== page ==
Even if you love to cook, you will probably agree that chopping onions is one of the worst parts of preparing a delicious recipe. While onions themselves are yummy and nutritious, they can be a huge pain when it’s time to slice them. Add to that the slippery surface of these circular vegetables and you’ve got a recipe for disaster. Without the right knife skills, you could end up cutting your fingertips. If you’re tired of the tears and frustration, don’t fret. Master chefs have been dicing and slicing onions for years, and they’ve perfected how to mince these veggies with minimal risk and irritation.
Set Yourself up for Success
Before you start, make sure that you have all the tools that you need for success. You will want a sharp knife to avoid slippage and uneven cuts. In addition, a non-slip cutting board will become your best friend. Also, take a cue from the pros and always fold your fingertips inwards when holding the onion while you chop. This will prevent the knife blade from slicing into your fingers. Now, let’s dive into how to cut onions like a professional chef.
1. Carefully Cut Off the Ends and Halve the Onion
You can start by carefully cutting off the ends of the onion. Yes, an onion is circular, but you will notice that it has a stringy top and a more root-looking bottom (an onion is a root vegetable after all). Hold the onion down against the cutting board with your non-dominant hand and carefully use your other hand to slice off the stringy tip and the rooted bottom of the onion.
At this point, the onion should be able to stand up on its flat bottom. This will make it much easier for you to cut it in half. Start from the top and slice down through the center of the onion and down to the flat bottom. At this point, you will have two halves and it will be easier for you to peel the outer skin off of the vegetable.
2. Start with Horizontal Cuts
Now that you’ve got two peeled onion halves, it’s time to start making horizontal cuts. There are several different terms for the way that you can cut an onion, so let’s go through them right now. If a recipe calls for a “rough chop”, this typically refers to uniform chunks of onion, although the size is unspecified. Chopped onion pieces could be anywhere between one to one and a half inches. A small dice is a piece that’s about one-fourth inch thick, although there are large dices that can be one-half inch to three-fourths inch thick. A mince means that the pieces will be as small as you can make them, similar to minced garlic, if you’ve seen that. When cutting slices, the recipe will usually tell you how thick to make them. For instance, it might call for slices that are one-half inch, three-fourths inch, or one inch thick. Either way, these will still be horizontal cuts.
While making your horizontal cuts, you will want to place the onion half on the cutting board, flat side down. Hold your non-dominant hand on top of the onion and use the knife to make horizontal cuts, keeping the knife parallel to the cutting board. This means that you will start from one side of the onion (the left or right) and you will keep the knife straight and parallel to the cutting board while you cut through to the other side. Stop just before you reach the end of the other side so that the onion is still uncut at the very end. This will make it easier to make the vertical cuts.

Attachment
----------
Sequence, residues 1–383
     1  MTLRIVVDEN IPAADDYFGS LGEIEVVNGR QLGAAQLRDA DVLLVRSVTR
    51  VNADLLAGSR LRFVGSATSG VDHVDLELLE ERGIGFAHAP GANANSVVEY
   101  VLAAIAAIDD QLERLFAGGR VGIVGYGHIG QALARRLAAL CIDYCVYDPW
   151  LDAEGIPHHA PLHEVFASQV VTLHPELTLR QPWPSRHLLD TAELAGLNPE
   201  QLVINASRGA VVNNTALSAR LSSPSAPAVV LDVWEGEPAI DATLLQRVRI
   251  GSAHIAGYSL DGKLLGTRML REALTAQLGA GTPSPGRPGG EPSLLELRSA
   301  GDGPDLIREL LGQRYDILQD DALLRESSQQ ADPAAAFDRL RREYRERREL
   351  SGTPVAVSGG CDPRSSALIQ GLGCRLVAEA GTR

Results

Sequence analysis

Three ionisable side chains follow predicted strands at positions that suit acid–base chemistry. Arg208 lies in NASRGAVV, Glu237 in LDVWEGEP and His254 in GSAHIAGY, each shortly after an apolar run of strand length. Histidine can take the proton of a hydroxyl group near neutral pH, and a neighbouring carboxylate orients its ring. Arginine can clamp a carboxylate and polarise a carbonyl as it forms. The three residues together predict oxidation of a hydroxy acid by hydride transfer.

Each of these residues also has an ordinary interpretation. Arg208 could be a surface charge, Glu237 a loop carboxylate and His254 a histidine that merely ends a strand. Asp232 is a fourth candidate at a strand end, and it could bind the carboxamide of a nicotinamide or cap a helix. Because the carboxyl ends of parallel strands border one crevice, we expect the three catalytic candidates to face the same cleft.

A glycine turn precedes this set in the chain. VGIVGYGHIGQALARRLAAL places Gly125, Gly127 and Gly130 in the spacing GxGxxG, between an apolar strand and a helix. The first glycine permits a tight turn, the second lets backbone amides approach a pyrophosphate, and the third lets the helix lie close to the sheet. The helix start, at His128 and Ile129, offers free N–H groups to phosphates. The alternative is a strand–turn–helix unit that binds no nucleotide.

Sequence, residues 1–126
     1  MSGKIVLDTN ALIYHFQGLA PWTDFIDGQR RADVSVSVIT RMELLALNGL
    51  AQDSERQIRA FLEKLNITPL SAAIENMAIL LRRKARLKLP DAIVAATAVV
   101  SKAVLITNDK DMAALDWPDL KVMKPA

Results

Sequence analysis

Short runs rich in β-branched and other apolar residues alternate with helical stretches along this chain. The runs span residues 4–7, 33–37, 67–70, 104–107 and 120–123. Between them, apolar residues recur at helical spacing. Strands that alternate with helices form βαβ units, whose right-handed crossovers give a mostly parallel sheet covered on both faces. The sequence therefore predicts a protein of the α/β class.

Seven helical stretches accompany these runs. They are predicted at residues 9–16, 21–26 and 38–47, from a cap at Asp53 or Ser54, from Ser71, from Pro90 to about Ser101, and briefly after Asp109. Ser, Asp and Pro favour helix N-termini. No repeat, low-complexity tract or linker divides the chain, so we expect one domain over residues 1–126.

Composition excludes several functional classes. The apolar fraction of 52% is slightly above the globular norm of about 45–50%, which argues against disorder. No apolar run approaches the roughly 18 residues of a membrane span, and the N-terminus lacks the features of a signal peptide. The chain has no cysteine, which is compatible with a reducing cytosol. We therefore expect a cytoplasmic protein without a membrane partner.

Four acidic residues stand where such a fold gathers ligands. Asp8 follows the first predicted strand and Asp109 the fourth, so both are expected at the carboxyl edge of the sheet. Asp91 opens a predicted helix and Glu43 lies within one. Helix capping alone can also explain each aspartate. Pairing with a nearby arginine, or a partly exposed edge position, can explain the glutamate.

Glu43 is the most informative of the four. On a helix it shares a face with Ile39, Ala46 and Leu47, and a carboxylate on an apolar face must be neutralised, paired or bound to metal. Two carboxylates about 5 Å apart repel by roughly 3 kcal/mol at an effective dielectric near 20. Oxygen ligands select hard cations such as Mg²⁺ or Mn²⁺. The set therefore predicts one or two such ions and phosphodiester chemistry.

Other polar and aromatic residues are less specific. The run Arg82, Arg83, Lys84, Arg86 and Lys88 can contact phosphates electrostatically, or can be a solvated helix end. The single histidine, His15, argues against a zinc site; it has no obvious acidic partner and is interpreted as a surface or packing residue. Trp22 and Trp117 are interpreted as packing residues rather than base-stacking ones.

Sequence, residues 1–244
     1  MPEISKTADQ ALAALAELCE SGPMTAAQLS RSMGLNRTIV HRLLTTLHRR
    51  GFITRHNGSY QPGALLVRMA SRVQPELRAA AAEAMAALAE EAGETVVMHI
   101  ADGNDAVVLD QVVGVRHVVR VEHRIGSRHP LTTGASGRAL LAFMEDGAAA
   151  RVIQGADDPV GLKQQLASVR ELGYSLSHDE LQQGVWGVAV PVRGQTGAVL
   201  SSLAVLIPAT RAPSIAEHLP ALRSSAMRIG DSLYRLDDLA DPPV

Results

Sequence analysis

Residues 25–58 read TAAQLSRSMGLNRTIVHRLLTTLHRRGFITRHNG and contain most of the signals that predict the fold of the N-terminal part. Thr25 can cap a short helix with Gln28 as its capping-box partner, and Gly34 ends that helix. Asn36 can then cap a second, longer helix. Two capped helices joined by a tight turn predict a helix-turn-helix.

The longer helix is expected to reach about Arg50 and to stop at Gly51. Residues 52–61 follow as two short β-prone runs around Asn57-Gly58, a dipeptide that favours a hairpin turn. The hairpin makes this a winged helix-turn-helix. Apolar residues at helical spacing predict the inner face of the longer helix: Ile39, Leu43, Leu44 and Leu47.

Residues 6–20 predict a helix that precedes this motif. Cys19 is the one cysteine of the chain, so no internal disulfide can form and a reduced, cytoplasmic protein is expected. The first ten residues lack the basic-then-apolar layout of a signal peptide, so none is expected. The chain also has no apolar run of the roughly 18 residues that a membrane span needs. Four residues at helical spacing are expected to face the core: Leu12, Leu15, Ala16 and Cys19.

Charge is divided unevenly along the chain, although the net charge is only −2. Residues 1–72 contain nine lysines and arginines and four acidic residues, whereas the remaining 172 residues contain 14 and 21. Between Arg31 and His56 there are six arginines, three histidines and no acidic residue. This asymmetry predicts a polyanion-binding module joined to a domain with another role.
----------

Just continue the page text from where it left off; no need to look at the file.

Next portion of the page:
3. Make the Vertical Cuts
Now, it’s time to make those vertical cuts, and you’ll want them to be the same width, or as close to it, as your horizontal cuts. Again, you don’t want to slice all the way through, so keep that uncut bit of the onion intact. This will make it easier to hold onto the onion and stop all of the pieces from falling all over the place.
For these cuts, you will mostly use the upper portion of the knife. Start a bit to the side of the uncut portion of the onion and make vertical cuts starting at the top of the onion and slicing down. You will now have a criss-cross cut pattern on the onion, but you’ll still have that tiny uncut portion intact.
4. Slice Across
So, to recap, you sliced horizontally to make planks and then you sliced vertically to make sticks. Now, you can slice across to make smaller pieces of onion. Use your non-dominant hand to hold onto the onion, sort of cradling it so that your fingertips are resting on the top of the onion and your palm is cupping it. Again, you want to curl your fingertips inward so that they don’t get chopped. This way, your knuckles are poking out and they can guide your knife on where to go.
Holding the knife parallel to the cutting board, make cuts across the onion, starting from one flat end and making your way to the other flat end (tip to root). When you’re done, you will have small, uniform pieces of onion that you can add to a soup, stew, or stir-fry.
5. Tricks to Stop Onion Tears
If you dread chopping onions because you always cry, try out some of these tips to keep the tears at bay. One trick is to put the onion in the freezer 10 to 15 minutes before chopping it. You can also try cutting it under water or running water, and always use a sharp knife because it will prevent you from crushing the onion and releasing more tear-inducing fumes.
Another way to protect your eyes from onion fumes is to wear goggles or to hold a slice of bread in your mouth so the bread absorbs the fumes. Lighting a candle near the onion can help with dissipating those fumes, too. You may also coat the knife blade in lemon juice and avoid cutting the root of the onion off until last because this is where all those fumes are concentrated.